“Kickstarter was kind of a desperate last resort,” he replied to my question via email. “I explored the traditional methods of funding a skateboard magazine honestly, and threw down good chunk of funds on personal credit cards to do so, and still haven’t paid them off. I printed 200 media kits that were basically an issue 000 and visited skateboard companies in California to get them on board. It was at least a couple years of developing, pursuing advertising, and being shot down, before resorting to Kickstarter. It wasn’t something I wanted to do, but I didn’t really have anything to lose at that point. I don’t think there were any skateboard related Kickstarters in 2011, but still I wasn’t particularly proud that I had to use it.”
So there you go, the best example of someone who is actually part of the skate community using Kickstarter for something productive, wasn’t even stoked to fund his hard work this way. But thankfully, a guy who is really fired up about shag cruisers has no shame and made about the same amount of money offering nothing back to skating but embarrassment under the moniker “The Shaggo Grom.” Fuck.
Ying was also quick to point out the obvious, yet overlooked objective of the seemingly good nature of the Kickstarter community. It’s pitched as a “cool way to make your ideas come to fruition man!,” but in reality, it’s not much more than a Ponzi Scheme for stoners, as once an idea is funded, the owners of the site are getting paid, no matter what the dumb shit being produced actually is. Kickstarter isn’t out to do anything but make money off your ideas. That’s it. No one there is looking at the videos popping up every second thinking, “Man… skateboards have been around so long and they still have four wheels, luckily this genius is just $100,000 away from revolutionizing the industry!”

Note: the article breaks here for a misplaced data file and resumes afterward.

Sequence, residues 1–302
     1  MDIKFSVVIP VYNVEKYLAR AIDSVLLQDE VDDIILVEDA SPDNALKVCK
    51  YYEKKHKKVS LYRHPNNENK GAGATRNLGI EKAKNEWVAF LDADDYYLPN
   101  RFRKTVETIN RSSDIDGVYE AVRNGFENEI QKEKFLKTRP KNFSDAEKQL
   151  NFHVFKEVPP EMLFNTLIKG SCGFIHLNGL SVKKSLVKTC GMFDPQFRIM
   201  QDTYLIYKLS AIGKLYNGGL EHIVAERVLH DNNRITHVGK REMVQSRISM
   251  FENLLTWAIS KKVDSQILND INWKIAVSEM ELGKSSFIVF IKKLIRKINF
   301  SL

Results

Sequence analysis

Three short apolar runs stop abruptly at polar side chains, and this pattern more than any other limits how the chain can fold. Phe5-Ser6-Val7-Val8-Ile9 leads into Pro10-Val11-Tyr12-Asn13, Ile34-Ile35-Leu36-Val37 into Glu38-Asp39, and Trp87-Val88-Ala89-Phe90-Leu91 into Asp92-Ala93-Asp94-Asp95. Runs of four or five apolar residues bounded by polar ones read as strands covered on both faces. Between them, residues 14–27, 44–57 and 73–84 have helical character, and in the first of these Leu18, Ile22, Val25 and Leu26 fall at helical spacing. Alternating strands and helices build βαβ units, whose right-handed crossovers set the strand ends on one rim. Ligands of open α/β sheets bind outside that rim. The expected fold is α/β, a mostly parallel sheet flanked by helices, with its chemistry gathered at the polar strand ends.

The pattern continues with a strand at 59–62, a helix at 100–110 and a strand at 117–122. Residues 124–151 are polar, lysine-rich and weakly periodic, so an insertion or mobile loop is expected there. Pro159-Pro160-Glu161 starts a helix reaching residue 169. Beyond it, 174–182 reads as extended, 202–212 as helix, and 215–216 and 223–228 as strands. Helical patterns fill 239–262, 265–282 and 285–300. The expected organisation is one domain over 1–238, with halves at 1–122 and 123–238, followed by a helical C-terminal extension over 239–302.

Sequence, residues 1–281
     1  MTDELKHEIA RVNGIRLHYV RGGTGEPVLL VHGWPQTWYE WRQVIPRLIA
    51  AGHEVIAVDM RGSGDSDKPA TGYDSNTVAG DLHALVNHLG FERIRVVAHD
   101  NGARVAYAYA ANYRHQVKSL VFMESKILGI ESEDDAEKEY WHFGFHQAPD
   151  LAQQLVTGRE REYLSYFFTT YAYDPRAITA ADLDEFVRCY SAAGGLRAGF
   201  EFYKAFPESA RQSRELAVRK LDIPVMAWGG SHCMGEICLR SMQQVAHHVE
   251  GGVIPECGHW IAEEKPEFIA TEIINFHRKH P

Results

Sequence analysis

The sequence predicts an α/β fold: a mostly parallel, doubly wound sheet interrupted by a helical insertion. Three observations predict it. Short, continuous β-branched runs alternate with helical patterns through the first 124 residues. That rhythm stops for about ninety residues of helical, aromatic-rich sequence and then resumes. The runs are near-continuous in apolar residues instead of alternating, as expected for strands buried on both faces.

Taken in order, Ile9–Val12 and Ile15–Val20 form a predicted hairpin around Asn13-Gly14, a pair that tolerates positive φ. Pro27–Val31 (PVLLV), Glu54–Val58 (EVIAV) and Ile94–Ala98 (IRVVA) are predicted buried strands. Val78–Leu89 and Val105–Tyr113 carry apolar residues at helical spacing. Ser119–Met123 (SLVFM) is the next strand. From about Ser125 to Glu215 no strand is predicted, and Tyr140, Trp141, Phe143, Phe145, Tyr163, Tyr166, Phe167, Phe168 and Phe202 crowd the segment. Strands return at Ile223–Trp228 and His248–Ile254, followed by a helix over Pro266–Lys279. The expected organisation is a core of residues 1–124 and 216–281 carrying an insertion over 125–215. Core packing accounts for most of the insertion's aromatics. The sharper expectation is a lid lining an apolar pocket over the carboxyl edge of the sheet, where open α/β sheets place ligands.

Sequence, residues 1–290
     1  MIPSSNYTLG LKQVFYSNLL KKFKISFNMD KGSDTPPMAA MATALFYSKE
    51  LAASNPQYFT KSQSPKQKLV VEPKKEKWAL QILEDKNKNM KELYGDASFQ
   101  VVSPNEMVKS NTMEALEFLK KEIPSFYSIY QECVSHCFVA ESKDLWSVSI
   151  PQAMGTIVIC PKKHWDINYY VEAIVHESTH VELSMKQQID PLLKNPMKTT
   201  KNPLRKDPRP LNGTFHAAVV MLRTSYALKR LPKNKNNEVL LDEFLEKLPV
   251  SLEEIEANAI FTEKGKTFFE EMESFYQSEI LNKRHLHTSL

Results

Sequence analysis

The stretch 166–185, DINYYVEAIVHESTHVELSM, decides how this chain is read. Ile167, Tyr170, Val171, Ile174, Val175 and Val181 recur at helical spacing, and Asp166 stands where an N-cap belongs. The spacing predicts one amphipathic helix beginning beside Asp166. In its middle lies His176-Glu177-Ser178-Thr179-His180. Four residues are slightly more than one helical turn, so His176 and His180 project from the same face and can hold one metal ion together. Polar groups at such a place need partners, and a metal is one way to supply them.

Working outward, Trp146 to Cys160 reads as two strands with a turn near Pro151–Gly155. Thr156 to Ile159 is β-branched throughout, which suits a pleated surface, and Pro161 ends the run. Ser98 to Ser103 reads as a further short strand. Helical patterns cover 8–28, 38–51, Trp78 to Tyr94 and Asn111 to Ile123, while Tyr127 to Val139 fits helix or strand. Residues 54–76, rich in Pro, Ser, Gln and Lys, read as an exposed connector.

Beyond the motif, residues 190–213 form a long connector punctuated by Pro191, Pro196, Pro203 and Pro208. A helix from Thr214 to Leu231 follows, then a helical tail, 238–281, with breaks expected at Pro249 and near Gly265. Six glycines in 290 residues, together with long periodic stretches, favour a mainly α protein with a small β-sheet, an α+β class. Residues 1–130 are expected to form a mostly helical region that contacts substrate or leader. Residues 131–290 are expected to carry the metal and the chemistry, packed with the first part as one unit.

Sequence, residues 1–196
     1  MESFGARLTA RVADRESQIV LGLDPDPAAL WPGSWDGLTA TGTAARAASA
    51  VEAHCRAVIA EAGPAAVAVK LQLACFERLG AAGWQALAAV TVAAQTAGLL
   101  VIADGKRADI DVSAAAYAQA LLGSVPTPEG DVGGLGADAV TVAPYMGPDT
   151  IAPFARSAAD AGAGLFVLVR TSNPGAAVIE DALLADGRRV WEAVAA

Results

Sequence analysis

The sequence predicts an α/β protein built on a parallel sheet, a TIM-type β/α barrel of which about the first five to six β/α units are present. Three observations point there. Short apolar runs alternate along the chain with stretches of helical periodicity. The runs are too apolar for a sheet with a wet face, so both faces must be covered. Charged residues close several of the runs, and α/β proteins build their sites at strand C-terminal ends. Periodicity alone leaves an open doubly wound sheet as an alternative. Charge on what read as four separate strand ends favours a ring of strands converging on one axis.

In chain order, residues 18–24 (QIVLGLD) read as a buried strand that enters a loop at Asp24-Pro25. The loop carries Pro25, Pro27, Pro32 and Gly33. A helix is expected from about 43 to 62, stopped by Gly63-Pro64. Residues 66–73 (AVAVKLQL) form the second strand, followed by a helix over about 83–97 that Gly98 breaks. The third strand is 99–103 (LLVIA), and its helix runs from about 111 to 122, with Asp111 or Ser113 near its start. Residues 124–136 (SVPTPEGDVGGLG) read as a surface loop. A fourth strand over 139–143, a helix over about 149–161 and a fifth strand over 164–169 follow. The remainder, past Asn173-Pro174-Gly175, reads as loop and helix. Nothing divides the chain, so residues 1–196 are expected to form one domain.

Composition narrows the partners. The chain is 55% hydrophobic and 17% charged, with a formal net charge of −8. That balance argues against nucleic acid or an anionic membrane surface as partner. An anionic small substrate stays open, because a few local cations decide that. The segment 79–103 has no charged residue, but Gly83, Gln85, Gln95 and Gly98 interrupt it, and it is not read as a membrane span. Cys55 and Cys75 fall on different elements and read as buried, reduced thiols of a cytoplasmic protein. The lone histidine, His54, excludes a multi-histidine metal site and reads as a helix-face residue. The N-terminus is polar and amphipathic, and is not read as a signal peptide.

Do we need another long board company, magazine, book, or wacky shaped deck? As a person who writes for magazines and has co-authored two books, I’m tempted to say “yes,” but I’m still hesitant. On any given day, I could self-publish a book or magazine fairly cheaply, or even release an electronic version of it, but there’s something about that process that degrades the product to me.
“Sometimes you have to wonder if something needs to exist before even wondering if it needs a fundraiser.”
It’s a tenuous line between book and blog, where there’s a stigma attached to being DIY, instead of celebrating it. It’s almost like saying: “Oh yeah? No one thinks this is a good idea, I’ll show them they’re wrong.” Unfortunately, most of the time they are right. I’m not talking about making a zine or small run publication, it’s the idea of doing something that does take a lot of support, distribution, and planning to be given the chance to make the impact the creator intends. Even then it doesn’t ensure anyone is going to see your work, but there’s something about building something up from more than a two-minute video that holds weight.
Perhaps 43 Magazine is a Kickstarter outlier. In speaking with Ying, I feel he agrees as he told me he wouldn’t use it for his magazine again. He also nailed my feelings and thoughts about the nature of deciding to ask for public funding for any idea. “Sometimes you have to wonder if something needs to exist before even wondering if it needs a fundraiser,” he stated poignantly. “The ones people have to ask someone how to get Kickstarter to work for them, when in reality what you need is a legit idea.”